Without limiting the general definition just given, specifically includes rights, benefits, privileges or facilities that are (or are supposed to be) provided, granted or conferred under any of the following types of contract:
- a contract for, or in relation to, the performance of work (including professional work), with or without the supply of goods
- a contract for, or in relation to, the provision of, or the use or enjoyment of, facilities for accommodation, amusement, the care of people or animals or things, entertainment, instruction, parking or recreation
- a contract for, or in relation to, the conferring of rights, benefits or privileges for which remuneration is payable in the form of a royalty, tribute, levy or similar exaction
- a contract for, or in relation to, the supply of electricity, gas, telecommunications or water, or the removal of waste water
- a contract of insurance (including life assurance and life reassurance)
- a contract between a bank and a customer
- a contract for, or in relation to, the lending of money or granting of credit, or the making of arrangements for the lending of money or granting of credit, or the buying or discounting of a credit instrument, or the acceptance of deposits
But "services" does not include:
- rights or benefits in the form of the supply of goods or the performance of work under an employment contract
Consumer information and product safety standards
Regulations made under the Act set standards for information provided to consumers. Currently there are information standards dealing with the country of origin of goods, the fibre content of textile goods, and the correct way to care for textile goods.
Regulations also set down product safety standards. There are currently standards for bicycles, children's night clothes, and toys.
A person who fails to comply with these information or safety standards breaches the Act.
Who is protected by the Act?
The protection provided by the FAIR TRADING ACT 1986 is available to consumers and also to rival competitors.
In advertising and selling goods or services a person running a business should take into account the fact that some people will be more easily misled and deceived than others. The courts have clearly stated that the Act is available to all people, regardless of their level of intelligence or naiveté.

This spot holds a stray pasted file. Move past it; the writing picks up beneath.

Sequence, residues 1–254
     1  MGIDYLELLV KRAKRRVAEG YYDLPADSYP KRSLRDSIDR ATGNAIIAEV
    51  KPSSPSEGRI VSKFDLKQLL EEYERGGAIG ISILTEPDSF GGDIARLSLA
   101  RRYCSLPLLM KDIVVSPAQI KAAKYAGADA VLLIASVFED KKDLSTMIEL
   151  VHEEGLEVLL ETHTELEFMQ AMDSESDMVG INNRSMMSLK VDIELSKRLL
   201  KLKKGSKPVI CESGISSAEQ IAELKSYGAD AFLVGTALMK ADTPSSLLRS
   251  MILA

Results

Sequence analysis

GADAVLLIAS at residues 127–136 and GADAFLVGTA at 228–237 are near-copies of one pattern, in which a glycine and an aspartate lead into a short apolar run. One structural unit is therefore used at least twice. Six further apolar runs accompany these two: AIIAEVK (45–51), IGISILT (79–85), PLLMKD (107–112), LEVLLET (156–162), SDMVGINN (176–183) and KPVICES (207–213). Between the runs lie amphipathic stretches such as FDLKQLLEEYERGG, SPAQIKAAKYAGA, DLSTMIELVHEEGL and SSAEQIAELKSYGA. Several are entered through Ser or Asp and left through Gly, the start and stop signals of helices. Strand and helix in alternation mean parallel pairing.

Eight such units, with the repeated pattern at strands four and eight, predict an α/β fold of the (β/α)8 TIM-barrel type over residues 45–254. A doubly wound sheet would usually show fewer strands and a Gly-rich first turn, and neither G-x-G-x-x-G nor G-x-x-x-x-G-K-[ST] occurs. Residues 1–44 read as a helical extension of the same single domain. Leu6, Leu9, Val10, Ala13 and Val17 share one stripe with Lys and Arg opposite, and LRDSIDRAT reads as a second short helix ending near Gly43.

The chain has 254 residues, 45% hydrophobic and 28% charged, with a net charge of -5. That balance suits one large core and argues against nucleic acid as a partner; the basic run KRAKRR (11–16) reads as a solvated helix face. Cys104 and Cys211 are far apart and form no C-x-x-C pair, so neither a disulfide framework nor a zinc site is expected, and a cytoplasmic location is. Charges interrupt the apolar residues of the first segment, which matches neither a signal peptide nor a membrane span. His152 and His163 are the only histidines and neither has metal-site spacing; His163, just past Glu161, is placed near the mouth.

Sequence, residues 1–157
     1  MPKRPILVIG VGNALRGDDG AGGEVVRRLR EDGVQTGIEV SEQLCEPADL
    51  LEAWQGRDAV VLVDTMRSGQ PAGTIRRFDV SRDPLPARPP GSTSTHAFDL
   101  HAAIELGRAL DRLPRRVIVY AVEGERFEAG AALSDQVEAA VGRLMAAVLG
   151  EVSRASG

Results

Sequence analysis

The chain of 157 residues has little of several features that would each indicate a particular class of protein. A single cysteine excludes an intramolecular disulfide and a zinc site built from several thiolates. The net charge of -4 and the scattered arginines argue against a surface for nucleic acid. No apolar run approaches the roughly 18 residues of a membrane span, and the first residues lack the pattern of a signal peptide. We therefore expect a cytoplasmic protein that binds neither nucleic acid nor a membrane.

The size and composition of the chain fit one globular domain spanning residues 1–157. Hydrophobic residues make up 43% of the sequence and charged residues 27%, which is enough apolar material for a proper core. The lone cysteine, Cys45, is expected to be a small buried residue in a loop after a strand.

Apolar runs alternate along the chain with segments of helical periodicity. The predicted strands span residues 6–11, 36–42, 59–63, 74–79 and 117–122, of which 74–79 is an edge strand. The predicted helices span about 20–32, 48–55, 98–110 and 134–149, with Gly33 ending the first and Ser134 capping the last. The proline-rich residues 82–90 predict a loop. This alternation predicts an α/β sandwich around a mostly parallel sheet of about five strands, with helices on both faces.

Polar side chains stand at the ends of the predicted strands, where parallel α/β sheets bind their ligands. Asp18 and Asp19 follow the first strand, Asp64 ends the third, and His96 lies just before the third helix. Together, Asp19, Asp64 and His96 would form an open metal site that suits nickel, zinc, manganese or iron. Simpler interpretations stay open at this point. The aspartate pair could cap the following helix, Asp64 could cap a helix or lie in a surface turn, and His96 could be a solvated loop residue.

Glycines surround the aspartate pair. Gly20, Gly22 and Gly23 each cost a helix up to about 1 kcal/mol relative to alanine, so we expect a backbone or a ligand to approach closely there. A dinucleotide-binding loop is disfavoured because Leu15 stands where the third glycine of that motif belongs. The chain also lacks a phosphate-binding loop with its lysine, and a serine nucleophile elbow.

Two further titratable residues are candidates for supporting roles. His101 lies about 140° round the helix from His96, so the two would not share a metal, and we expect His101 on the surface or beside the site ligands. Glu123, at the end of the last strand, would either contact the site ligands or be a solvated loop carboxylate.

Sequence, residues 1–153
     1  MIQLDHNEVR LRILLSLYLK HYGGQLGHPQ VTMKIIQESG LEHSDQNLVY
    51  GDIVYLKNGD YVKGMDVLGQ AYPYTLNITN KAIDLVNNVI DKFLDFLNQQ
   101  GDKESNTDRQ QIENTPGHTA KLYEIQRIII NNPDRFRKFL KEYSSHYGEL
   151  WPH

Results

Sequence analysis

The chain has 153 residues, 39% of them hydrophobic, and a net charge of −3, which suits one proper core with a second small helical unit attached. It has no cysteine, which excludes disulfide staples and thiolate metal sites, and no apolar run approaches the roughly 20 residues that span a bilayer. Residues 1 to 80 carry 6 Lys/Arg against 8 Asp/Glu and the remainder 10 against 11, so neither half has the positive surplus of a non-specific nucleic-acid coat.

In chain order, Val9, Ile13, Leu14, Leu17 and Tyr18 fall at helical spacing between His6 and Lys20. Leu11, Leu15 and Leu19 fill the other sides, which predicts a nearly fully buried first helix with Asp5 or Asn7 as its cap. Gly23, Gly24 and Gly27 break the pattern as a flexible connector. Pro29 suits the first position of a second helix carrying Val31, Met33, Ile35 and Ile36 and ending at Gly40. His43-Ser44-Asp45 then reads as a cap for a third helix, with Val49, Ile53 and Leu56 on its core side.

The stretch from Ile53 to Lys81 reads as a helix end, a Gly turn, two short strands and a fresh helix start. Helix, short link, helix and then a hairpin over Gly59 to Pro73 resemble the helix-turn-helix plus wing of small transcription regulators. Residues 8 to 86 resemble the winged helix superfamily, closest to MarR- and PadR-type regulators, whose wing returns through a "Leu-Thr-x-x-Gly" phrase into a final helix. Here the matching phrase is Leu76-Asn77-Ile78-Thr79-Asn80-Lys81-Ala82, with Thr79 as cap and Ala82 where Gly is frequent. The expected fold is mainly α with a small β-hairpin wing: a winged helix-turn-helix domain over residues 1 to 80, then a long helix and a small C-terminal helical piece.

Policing the Act
In general the FAIR TRADING ACT 1986 is policed by the Commerce Commission. However, in addition to an action by the Commerce Commission, any consumer or competitor who believes there has been a breach of the Act may take legal action under the Act independently.
Actions taken under the Act may be either criminal or civil, or both (although action under section 9, which is the general rule against misleading or deceptive conduct, and under several other provisions of the Act can only be civil). In a criminal action, the person or business is charged with a breach of the Act and is liable to a substantial fine. In a civil action, the person may be ordered, among other things, to pay damages to a consumer or competitor who has suffered some loss or damage.
Both individuals and companies, equally, may be prosecuted under the Act. If action is taken against a company, it will be the directors, managers and employees that may be held liable. Similarly, any other person who may have assisted, helped or encouraged the breach may also be held liable.
Employer's responsibility for employees
If you are an employer you must take extra care to ensure that your employees are fully aware of what is acceptable conduct under the Act, of what constitutes a breach, and of what the consequences are of breaching the Act. As an employer you are responsible for the actions of your employees.
For more advice on the Fair Trading Act also see the New Zealand Government's website Consumer Protection.
- Much can be at stake, both financially and personally, if you breach the Act. If you are setting up a business, it is strongly recommended that you obtain legal advice before you begin trading, to ensure that your practices and conduct comply with the Act.
- If as a consumer you believe that the Act may have been breached, you can complain to the Commerce Commission, or you may wish to take your own legal action under the Act, in which case you should consult a lawyer.